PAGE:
In September 2012, Kenya Climate Innovation center was launched as the first of seven incubators that were set to be launched by the World Bank. The aim of the Center was to help entrepreneurs and innovators to come up with innovations that would provide the private sector with the opportunity to address the climate change menace from the doing good business perspective.
Fast forward to today, close to 140 businesses have been incubated and half of them have products in the markets they operate. These businesses are providing low carbon sources of energy, clean drinking water as well as increasing yields in the agriculture sector. All of these solutions have a double effect on fighting climate change as well as improving the livelihoods of citizens. Key to achievement of these outcomes is to have innovations scaling and ensuring they do not bring a lot of disruption in how the market operates and organizes.
From my experience it is clear that in scaling clean technology (clean-tech) related businesses, what is important is not the scaling of the business but of the idea. For instance, take the case of clean cook stoves, where we have not yet seen one company that has sold millions of the stoves but there are various companies working in different localities. This model has its advantages such as the addressing of the specific needs of a given locality as well as better customer service.
On the other hand, the disadvantages are that the benefits accrued to scaled business are nonexistent such the economies of scale on distribution and marketing, production etc. This however does not prevent the businesses that have more scalable products such as M-Kopa which has now sold of 300,000 solar lanterns in Kenya alone.
The point to note is that scale especially for the clean tech businesses is more about replicating business ideas and processes that will help in resolving the climate change threats as opposed to the scaling of the individual companies. It is therefore important to create an enabling environment that will help in the diffusion of the various sustainable business ideas and models across Africa. The reason for this is due to the magnitude of barriers in scaling clean tech businesses, including the cash required to scale the business.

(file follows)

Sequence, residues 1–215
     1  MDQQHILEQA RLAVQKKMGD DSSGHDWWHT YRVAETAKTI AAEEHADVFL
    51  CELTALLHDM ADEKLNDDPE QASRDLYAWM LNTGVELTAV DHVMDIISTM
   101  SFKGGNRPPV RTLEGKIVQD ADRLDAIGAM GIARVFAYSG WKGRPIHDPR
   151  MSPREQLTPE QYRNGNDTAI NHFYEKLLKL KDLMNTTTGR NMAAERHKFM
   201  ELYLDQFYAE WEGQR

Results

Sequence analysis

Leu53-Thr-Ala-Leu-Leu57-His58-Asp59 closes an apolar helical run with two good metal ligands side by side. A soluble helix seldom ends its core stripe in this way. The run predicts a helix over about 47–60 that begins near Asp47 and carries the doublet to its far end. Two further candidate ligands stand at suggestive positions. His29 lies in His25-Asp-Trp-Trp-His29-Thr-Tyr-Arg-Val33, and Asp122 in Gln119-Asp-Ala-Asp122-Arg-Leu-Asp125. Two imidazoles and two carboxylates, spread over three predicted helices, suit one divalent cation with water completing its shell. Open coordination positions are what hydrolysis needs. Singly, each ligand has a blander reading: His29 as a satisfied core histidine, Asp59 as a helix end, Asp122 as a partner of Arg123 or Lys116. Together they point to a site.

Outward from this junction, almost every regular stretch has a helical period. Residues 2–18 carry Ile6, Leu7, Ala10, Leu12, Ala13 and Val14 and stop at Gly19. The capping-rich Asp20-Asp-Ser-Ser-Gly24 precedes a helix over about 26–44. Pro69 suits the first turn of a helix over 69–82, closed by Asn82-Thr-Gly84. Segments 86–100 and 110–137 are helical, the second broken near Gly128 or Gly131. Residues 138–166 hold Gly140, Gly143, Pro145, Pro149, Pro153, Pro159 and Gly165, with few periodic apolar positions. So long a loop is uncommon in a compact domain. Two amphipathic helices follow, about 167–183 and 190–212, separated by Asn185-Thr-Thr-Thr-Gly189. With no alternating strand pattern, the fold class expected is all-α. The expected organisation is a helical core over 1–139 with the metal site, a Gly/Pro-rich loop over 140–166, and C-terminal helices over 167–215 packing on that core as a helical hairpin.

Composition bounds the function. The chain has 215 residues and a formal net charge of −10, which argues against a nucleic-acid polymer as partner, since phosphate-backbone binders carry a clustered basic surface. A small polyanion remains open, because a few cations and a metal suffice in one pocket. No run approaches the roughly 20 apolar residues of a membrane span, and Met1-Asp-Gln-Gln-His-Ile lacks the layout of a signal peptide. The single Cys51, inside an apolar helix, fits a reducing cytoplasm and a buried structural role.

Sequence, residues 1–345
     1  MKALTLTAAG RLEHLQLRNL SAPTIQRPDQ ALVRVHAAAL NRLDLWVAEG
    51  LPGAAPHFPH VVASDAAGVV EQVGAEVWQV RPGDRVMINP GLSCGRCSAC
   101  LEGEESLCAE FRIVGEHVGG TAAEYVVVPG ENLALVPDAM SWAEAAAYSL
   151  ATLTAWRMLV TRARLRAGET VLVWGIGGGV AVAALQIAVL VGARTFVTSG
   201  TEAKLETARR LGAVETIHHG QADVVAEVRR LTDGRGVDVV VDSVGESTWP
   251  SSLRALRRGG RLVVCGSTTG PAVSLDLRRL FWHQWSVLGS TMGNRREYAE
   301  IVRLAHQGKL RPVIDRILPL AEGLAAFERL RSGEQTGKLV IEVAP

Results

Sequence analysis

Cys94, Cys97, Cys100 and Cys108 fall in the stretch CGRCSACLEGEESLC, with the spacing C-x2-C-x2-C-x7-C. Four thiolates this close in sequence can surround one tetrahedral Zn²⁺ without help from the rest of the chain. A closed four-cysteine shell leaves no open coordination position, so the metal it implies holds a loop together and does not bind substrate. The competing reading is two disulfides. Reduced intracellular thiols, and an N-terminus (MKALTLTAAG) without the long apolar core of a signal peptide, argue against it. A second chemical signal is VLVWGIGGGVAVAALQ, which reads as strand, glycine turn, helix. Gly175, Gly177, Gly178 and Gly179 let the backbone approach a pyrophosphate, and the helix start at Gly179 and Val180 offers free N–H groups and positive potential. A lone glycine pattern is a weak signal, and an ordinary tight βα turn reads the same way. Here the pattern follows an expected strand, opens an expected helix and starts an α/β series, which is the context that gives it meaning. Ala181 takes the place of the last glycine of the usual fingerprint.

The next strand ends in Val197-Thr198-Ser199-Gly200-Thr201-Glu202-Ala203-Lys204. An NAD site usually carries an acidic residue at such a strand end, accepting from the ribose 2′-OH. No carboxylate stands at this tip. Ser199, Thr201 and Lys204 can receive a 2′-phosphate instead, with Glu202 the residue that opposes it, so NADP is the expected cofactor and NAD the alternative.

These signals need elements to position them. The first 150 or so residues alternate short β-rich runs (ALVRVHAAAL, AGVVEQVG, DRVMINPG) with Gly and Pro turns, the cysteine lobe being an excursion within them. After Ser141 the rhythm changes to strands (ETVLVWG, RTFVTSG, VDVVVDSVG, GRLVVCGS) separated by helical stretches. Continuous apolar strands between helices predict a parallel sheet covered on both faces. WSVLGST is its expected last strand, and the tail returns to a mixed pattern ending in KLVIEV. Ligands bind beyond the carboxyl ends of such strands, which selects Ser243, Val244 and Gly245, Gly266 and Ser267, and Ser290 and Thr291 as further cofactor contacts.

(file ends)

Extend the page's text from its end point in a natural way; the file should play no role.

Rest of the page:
Financing for scaling
Scaling a business always requires more funding and the availability of the funding is still a challenge especially when the financiers have not properly understood the sector. Uber for instance, has raised over $8 billion to scale. Is this possible in the clean tech sector? This will only happen if the investors, governments, philanthropists and other financiers are willing to make massive investment in the sector, which has not been the case so far.
The definition of the risks and rewards in the clean tech sector need to be redefined. This will happen when there is more understanding of the sector especially from the investors who have not provided the required financing due to lack of proper metrics to measure the return and the risk. In most cases they have been stuck to the financial returns and the business focus is more on the triple bottom line – people, planet and profit.
If the metrics are defined in the form of the triple bottom line more and more investors could join the bandwagon and invest in the sector. On the other hand, the risk definition for the investors is in question. The risk perception is higher than the actual risk and this does not help in the provision of financing to the sector.
Related to financing is the facet of consumer financing, and its availability and structure. To have more people adopting clean technologies, the consumers of the products will need to justify the switching costs which include the upfront payment of the products vis a vis the savings and benefits that will be gained over time. This calls for financing and business model innovations which has not happened at a rate that enables many consumers to reap the benefits associated with innovative clean tech products.
Governments also have a role to play to catalyze the movement towards scaling of clean tech businesses. The role of the government should be two fold. First, to provide an enabling environment for entrepreneurship to thrive. This will give more citizens an opportunity to come up with ideas that will solve some of the pressing challenges that the society is facing from a private sector perspective. Secondly, the government can provide a policy and regulation framework that enables the adoption and use of clean tech solutions in respective countries.
African governments should take the Silicon Valley model of entrepreneur-led scale where they can provide investments and funding that enables scale as well as building the required infrastructure such innovation hubs, design labs, testing labs as well as funding research that will catalyze more entrepreneurial ideas.
Development partners as well as philanthropists have a role to play especially in the form of resources that will help in implementation of the policies as well as setting up incubators and accelerators that will help nurture businesses in the sector.